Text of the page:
Lazarus Theatre Company at Theatro Technis
Performance seen: 27 September 2007
And now they act as the venue for Lazarus Theatre's Medea, directed by Ricky Dukes. Medea seems quite popular at the moment. This is the second production I've seen this year (after an enjoyable staging by London Ensemble Production, back in March, which I never got round to blogging), and next month it will be the Cambridge Greek Play. And, taking into account last year's UCL play, it seems to bring out the best in companies.
Much play has been made in publicity for this production of it being set in Afghanistan.* In the end, that amounts to little beyond costuming, most notably giving the female cast members head-scarves, and the use of a jet bomber sound effect at the beginning and end of the play. And nothing about any of this says Afghanistan as distinct from any other Muslim or partially Muslim country, such Iraq or Kosovo or Bosnia. Over the past decade or so I've seen plenty of productions of tragedy that have dressed their casts much the same (I think immediately of the RSC's 2005 Hecuba at the Albery, starring Vanessa Redgrave). All that changes are the nations that one first thinks of when presented with such imagery.
Such universality is no bad thing, really. It certainly suits the text, which is a straight reading of the play, preserving all character and place names. Without the programme, one would assume that the play is set in Corinth, and so it should be.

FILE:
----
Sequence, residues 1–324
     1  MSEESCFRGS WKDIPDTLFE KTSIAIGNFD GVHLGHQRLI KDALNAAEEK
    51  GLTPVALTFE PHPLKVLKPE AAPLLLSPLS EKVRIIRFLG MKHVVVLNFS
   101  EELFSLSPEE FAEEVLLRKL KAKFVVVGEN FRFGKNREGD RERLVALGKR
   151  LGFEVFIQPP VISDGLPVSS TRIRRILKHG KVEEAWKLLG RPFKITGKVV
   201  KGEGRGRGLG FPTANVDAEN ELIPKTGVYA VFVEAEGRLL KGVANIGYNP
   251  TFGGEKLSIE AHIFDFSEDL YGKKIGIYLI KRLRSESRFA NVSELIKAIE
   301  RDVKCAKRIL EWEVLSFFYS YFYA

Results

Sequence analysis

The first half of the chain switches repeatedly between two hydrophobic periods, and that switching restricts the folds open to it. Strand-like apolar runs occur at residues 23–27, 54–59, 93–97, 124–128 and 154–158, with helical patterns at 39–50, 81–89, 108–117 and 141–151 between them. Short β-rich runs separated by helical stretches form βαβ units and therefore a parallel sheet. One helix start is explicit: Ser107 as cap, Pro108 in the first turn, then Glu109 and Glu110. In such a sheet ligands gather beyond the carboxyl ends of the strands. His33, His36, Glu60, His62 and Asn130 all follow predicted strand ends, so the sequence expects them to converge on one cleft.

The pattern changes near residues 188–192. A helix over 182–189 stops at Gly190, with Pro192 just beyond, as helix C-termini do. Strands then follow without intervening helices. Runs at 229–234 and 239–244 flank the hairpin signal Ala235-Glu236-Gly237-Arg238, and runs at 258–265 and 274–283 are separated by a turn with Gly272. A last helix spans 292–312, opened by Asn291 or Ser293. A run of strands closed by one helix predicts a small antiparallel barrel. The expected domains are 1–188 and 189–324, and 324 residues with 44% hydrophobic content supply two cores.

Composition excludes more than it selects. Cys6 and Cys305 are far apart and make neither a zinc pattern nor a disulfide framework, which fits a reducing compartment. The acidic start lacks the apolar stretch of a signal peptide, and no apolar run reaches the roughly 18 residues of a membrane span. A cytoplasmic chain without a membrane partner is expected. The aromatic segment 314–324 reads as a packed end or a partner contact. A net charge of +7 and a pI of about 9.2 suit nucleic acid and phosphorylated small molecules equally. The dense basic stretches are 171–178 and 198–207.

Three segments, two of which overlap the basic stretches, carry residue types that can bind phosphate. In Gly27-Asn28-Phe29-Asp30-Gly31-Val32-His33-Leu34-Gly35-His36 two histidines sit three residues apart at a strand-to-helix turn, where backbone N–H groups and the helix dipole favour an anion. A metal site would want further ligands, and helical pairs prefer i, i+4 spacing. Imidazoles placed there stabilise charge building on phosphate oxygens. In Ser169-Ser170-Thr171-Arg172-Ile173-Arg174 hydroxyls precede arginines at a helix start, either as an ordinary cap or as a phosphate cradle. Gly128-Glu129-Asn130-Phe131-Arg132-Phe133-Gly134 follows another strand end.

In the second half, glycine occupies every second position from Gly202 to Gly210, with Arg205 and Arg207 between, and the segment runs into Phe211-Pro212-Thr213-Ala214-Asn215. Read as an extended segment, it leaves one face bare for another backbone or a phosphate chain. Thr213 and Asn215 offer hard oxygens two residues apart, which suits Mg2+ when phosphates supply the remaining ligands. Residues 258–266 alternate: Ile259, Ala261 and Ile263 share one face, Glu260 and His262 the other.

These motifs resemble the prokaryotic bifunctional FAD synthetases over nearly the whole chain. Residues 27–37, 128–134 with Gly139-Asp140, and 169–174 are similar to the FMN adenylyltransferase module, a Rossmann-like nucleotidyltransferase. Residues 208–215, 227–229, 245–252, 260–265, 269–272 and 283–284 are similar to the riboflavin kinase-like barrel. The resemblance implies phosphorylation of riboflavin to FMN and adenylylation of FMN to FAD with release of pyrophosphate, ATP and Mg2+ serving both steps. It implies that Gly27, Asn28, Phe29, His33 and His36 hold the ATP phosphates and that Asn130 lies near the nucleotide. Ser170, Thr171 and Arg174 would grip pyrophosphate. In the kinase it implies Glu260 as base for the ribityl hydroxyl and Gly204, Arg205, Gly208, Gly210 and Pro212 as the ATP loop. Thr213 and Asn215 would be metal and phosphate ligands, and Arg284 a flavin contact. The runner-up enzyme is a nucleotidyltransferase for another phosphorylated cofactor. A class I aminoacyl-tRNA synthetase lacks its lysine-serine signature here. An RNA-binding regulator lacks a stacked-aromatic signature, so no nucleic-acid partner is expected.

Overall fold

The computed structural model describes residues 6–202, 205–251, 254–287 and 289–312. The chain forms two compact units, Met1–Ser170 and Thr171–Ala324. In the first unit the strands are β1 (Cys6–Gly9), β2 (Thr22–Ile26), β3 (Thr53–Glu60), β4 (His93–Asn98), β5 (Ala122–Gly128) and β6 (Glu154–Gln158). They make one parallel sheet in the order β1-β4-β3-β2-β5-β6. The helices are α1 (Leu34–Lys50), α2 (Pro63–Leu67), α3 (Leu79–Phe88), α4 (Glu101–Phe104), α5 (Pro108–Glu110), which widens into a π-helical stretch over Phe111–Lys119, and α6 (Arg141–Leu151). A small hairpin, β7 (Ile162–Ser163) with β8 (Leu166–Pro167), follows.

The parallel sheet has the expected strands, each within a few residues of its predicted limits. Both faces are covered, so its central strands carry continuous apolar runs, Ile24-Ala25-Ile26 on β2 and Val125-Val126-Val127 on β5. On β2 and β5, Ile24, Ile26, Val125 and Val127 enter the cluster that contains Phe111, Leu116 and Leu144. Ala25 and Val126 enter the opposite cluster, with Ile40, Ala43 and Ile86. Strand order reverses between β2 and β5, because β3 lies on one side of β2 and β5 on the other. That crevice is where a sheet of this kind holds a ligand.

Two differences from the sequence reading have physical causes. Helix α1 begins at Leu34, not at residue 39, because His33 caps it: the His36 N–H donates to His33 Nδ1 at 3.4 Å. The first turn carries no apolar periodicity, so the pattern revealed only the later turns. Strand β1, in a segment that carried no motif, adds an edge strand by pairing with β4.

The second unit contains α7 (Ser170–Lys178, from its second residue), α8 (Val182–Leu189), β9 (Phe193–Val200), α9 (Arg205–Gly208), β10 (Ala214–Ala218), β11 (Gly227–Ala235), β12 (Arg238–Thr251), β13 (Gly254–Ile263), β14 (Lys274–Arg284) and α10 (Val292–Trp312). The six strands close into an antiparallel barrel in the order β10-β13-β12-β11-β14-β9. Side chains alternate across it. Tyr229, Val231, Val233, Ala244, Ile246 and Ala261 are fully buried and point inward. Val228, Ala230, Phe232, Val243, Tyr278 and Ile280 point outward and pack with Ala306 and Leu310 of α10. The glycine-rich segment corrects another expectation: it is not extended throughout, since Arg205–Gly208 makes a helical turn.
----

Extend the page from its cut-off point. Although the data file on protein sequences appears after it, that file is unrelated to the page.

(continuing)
There are a few changes. As often, the Tutor (Stephen Chertion) is given the Messenger's Speech. More unusually, the Chorus is reduced down to a single person. Lydia Larson delivers a disengaged and aloof Chorus - many of the lines where the Chorus are actively trying to dissuade Medea are given instead to the Nurse (Carrie Whitton), and some Chorus lines are even given to Medea. And the Chorus' greatest moment of horror and pathos - their indecision as Medea murders her sons, is cut altogether.
Kevin Cooke's Aegeus is less of a bumbling old fool and more of an ethically-minded statesman than I’ve seen in the past. And Cooke’s performance is so successful that I was surprised when I looked in the programme and saw that the same actor played Creon. I had not spotted this, so different are the performances.
A production of Medea stands or falls on its lead actress, of course. In Louise Coleman, Lazarus has a Medea who is compelling, who dominates the stage from when she first emerges through the doors from the backstage area. She is denied her apotheosis (as was the case in the production from March) - instead her final confrontation with Jason (played by David Seymour, who rises fully to Coleman’s challenge) is visceral, physical, and violent.
I don't think this production is as innovative as it likes to think it is. What it is, however, is a good solid production, that understands what the play is about, and doesn’t mess around. I could do with more like this.
* It's not really worth mentioning that the one piece of press coverage on display talked about classical drama being 'a millennia old'. Oh dear. On so many levels.